The public sector

One of the most important issues that had to be covered by the action plans was the extent to which the public sector demonstrated an exemplary role within its buildings and transport infrastructure. It is deemed important that governments set a good example on energy efficiency.

Formally, almost all member states apart from the Czech Republic met this requirement. They all demonstrated that energy efficiency in the public sector is pro-moted, however there are huge differences in scope and actions.

Most member states have established programmes for the public procurement of energy efficient appliances and buildings, but only 15 plans explicitly refer to measures (and the way they will be implemented) while others only provide very basic information.

The Green Leaders programme in Malta is an example of a good way to introduce efficiency targets (see box: Malta’s Green Leaders). Sustainable public procure-ment programmes (The Netherlands wants to be 100% sustainable by 2010), binding targets (as the UK defined) and regulatory measures, are other effective instruments. Despite this, “in general we observe that the public sector could act more as a role model than it does at the moment,” says Schüle at the Wuppertal Institute. “The public sector coverage is still rather weak, but there is a good chance for mutual learning here.”

Energy services

Another important topic in the assessment of the Action Plans is the way that governments define the role of important stakeholders like utilities, retailers and energy service companies (ESCOs). A large majority of the 27 EU countries assign the role of ‘important stakeholder’ to the usual suspects in the energy sector: the utilities and retailers. “But the approach of these parties is still based on old paradigms,” says Becker at Ecofys. “Utilities and retailers like to sell more of their products, while energy efficiency is about selling less.”

The energy services could bridge this “interest gap”. According to the Energy Services Directive, these stakeholders could largely improve energy efficiency for cus-tomers, in terms of indoor thermal comfort, domestic hot water, refrigeration, illumination and motive power. Energy services is not about selling as much as possible energy to customers, but to help them achieve efficient end-use.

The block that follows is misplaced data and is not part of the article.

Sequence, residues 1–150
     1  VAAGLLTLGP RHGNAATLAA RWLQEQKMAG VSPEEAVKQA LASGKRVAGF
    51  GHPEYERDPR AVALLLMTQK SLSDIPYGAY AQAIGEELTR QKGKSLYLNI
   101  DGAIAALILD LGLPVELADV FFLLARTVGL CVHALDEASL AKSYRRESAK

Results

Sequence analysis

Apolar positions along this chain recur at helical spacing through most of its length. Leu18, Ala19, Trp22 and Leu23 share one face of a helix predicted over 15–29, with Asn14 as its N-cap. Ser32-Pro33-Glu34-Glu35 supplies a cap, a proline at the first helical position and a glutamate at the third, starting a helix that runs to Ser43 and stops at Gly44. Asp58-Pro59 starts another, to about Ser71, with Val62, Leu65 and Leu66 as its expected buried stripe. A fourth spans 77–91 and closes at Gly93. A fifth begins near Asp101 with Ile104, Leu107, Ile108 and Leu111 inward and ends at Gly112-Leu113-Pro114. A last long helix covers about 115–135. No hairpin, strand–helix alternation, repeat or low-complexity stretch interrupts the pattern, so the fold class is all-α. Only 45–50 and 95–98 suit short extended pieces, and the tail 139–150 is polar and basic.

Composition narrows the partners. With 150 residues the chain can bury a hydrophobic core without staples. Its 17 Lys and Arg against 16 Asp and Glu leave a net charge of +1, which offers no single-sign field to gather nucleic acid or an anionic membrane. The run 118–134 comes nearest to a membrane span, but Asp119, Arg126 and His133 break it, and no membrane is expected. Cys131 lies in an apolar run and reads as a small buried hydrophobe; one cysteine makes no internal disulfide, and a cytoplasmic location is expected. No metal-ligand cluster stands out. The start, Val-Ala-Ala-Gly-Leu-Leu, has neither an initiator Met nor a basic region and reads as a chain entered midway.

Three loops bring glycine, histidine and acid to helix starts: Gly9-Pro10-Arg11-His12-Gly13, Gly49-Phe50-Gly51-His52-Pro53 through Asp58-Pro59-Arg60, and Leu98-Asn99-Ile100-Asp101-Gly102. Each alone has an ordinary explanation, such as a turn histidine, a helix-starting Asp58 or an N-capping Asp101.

The EEW assessment however shows that member states are largely underestimating the importance of energy services and the market for companies that deliver them – the energy service companies. Only 30% of all NEEAPs refer to energy service companies. “That is a missed opportunity,” according to Becker. “Especially in the build-ings sector, energy service companies could achieve a great deal of efficiency for a low price or even at a profit. In the next NEEAP rounds countries should focus more on developing such an energy services market, including models for financing investments.”

Next-generation action plans

The EEW project clearly indicates that the first generation of National Energy Efficiency Action Plans in many cases was too poorly developed to harvest what is a large potential for energy efficiency in Europe. The minimum requirements were fulfilled, but much more effort needs to be put into the plans, the EEW con-cluded.

A database of ‘best practices’ could inspire countries to make decisions that will effectively improve energy efficiency. This especially applies to the building sector, but also the transport sector, smaller industry and even agriculture.

Another important conclusion from the project is that new policies should be more integrated and coherently designed, instead of being a collection of individual meas-ures, which sometimes conflict with each other. More often, these measures are not efficient in ensuring energy savings. For instance, if a subsidy is given for buildings that already comply with a standard, there would be no incentive to go beyond this. It would be more effective if all buildings are obliged to meet a standard, and that the subsidy is offered for those exceeding that level. This would stimulate innovation and progress in standards. “And innovation should be key in the next NEEAPs,” says Ralph Schüle.

A standardised reporting format would also be of great help. Also more emphasis should be put on harmonised methods to calculate targets and monitor results. And the role of energy service companies should be given more attention than now.

Given the huge challenges in emissions reductions and climate change abatement, the national action plans that have to be submitted in June 2011 will hopefully be much more sophisticated and effective than the last issue.